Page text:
Requirements of labelling in accordance with the CLP Regulation

The CLP Regulation requires that the labels are firmly affixed to one or more surfaces of the immediate container of the substance or mixture and that they must be readable horizontally when the package is set down normally.


The label elements themselves, in particular the hazard pictograms, must stand out clearly from the background. Furthermore, all label elements must be of such size and spacing as to be easily read. They must be clearly and indelibly marked. A physical label is not required when the label elements are shown clearly on the packaging itself.


According to CLP Article 17, a substance and mixture classified as hazardous must bear a label including the following elements:

  • Name, address and telephone number of the supplier(s);

  • The nominal quantity of the substance or mixture in the package where this is being made available to the general public, unless this quantity is specified elsewhere on the package;

  • Product identifiers;

  • Hazard pictograms, where applicable;

  • The relevant signal word, where applicable;

  • Hazard statements, where applicable;

  • where applicable, the appropriate precautionary statements in accordance with Article 22;

  • where applicable, a section for supplemental information in accordance with Article 25.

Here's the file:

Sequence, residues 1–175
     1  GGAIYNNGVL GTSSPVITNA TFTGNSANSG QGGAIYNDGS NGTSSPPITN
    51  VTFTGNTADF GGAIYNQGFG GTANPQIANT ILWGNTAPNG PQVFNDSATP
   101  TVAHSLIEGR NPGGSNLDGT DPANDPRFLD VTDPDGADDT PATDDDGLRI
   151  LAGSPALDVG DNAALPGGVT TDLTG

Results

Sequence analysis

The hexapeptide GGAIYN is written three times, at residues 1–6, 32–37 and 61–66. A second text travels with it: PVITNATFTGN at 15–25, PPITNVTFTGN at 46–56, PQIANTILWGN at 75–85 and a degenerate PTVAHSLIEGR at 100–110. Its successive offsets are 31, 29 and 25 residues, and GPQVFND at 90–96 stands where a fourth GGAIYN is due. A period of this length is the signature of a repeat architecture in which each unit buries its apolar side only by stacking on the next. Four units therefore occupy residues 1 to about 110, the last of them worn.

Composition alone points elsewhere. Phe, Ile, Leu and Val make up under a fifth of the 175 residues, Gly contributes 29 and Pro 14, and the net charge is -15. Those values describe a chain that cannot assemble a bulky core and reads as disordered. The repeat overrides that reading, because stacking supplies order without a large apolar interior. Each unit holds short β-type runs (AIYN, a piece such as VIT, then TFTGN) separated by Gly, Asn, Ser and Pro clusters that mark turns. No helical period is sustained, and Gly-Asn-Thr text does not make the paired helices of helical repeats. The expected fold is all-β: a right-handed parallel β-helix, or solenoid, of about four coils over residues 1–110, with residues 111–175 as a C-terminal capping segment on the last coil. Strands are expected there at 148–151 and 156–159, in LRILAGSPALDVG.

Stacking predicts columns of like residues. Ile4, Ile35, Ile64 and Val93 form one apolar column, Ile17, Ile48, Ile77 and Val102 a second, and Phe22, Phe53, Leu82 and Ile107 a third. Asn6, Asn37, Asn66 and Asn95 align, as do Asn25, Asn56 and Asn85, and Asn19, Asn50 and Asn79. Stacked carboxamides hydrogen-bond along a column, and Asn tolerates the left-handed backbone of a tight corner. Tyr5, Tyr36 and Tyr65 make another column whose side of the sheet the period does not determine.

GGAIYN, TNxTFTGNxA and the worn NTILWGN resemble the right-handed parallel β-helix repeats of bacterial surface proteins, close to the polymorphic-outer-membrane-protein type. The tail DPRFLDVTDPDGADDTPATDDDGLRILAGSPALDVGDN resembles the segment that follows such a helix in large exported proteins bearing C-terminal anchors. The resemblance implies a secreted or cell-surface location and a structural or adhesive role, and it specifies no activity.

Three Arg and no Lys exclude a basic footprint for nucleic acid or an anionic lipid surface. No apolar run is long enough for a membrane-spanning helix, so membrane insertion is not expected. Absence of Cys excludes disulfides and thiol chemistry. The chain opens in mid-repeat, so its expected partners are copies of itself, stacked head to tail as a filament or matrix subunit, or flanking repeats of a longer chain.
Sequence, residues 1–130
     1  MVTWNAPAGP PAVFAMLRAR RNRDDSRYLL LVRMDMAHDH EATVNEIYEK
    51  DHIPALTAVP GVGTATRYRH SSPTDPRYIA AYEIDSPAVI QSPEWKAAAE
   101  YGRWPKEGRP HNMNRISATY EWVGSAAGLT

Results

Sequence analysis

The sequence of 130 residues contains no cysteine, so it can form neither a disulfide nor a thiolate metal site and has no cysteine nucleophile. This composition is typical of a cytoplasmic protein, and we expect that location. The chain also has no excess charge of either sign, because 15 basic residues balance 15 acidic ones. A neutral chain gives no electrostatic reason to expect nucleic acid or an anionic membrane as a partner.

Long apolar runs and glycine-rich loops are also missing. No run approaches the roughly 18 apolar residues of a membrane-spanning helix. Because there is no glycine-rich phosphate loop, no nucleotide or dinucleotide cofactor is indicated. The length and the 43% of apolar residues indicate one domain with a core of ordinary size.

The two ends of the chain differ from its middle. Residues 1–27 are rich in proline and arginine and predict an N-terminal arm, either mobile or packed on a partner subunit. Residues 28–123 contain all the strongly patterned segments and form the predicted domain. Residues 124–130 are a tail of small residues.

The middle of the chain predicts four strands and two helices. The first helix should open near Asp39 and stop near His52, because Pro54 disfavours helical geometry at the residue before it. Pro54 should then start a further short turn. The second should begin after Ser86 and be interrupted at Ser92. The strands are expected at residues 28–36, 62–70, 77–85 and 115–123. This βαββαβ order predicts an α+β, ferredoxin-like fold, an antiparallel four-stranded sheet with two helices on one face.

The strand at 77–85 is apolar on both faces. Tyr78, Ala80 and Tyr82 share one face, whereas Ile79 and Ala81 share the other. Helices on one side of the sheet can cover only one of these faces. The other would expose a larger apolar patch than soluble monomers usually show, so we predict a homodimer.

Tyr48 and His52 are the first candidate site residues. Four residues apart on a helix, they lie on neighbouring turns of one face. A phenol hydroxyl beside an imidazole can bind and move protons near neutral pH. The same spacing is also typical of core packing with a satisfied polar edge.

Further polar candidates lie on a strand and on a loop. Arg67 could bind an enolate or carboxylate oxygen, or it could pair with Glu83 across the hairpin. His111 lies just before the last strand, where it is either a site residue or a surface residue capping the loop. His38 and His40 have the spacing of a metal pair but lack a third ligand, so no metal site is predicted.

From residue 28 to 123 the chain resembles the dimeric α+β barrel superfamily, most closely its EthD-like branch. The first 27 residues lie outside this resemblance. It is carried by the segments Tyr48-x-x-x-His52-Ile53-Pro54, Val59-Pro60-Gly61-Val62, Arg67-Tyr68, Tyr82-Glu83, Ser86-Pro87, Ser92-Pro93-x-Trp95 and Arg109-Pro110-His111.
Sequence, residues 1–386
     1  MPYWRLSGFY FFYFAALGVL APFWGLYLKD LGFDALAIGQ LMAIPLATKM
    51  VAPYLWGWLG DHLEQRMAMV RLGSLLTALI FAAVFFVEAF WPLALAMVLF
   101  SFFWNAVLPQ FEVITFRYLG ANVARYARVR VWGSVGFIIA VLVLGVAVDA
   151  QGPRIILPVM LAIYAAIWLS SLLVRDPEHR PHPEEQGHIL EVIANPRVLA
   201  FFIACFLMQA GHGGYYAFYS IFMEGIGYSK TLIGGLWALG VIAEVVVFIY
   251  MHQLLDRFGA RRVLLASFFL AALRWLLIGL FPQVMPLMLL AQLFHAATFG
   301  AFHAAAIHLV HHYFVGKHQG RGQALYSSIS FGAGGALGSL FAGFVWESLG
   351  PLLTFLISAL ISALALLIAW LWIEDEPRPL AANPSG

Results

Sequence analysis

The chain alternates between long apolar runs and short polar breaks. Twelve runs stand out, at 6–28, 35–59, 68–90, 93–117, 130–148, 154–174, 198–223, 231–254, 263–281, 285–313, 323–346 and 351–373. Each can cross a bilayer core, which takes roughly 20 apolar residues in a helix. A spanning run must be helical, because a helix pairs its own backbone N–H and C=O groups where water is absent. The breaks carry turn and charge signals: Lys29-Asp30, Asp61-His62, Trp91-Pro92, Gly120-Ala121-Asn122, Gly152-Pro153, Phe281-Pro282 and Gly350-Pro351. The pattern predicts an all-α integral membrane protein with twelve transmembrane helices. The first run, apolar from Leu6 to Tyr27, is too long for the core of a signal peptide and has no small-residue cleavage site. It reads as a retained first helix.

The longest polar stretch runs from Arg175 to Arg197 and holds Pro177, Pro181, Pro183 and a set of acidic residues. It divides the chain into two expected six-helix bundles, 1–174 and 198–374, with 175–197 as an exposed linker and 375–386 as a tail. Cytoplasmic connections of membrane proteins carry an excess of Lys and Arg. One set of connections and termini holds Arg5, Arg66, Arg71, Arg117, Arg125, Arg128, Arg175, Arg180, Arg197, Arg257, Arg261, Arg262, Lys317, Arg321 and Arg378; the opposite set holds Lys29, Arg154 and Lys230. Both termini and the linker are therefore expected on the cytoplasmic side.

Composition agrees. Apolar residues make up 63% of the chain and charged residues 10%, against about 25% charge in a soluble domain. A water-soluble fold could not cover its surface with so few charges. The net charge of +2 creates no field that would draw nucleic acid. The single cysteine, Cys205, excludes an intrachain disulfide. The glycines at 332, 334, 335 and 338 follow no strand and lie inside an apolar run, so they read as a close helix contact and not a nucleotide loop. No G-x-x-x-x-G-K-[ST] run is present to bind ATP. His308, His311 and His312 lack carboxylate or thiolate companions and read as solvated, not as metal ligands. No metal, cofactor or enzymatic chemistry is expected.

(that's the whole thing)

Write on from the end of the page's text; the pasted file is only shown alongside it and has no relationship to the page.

• Unique Formula Identifier (UFI), where applicable.


The CLP Regulation requires the label to be written in the official language or languages of the Member States where the substance or mixture is placed on the market, unless the Member State concerned provides otherwise.


Suppliers may accomplish this either by producing multi-language labels covering the official languages of several of the countries where the substance or mixture is supplied, or by producing separate labels for each country, each with the appropriate language or languages.


You must not forget about additional mandatory labelling for specific product types:

  • detergents labelling according to Regulation 648/2004;

  • biocidal products labelling according to Regulation 528/2012;

  • Content of volatile organic compounds according to the Directive 2004/42/ES;

  • Warning that the product contains special hazardous substances under the Regulation REACH 1907/2006;

  • Warning for liquid waxes whose ingestion is harmful to health under the Regulation REACH 1907/2006;

  • Aerosol dispensers: Symbol “3” certifying conformity with the requirements of the Directive 75/324/EEC;

  • Plant protection products labelling according to Regulation 1107/2009.

We hope the text is clear enough, and helped you understand the requirements related to labels. In any case, you can contact us (info@chem-consulting) and we will have a chat about your particular challenge.

Source: European Chemicals Agency, http://echa.europa.eu/